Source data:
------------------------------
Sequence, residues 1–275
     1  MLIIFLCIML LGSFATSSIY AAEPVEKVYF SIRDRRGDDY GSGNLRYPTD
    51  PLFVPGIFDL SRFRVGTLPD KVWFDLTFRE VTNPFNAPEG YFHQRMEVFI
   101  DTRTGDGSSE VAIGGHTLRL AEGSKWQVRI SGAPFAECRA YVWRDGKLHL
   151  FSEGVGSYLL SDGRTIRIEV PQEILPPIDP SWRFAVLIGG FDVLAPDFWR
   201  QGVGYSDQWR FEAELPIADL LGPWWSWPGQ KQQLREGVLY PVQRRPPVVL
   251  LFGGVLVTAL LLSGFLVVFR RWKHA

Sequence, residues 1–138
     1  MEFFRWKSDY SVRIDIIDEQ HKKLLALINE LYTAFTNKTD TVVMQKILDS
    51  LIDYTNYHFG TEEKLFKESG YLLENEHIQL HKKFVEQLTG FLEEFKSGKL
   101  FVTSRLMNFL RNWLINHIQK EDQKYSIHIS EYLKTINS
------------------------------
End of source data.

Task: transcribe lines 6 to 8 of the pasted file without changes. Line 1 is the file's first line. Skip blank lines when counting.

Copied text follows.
   201  QGVGYSDQWR FEAELPIADL LGPWWSWPGQ KQQLREGVLY PVQRRPPVVL
   251  LFGGVLVTAL LLSGFLVVFR RWKHA

Sequence, residues 1–138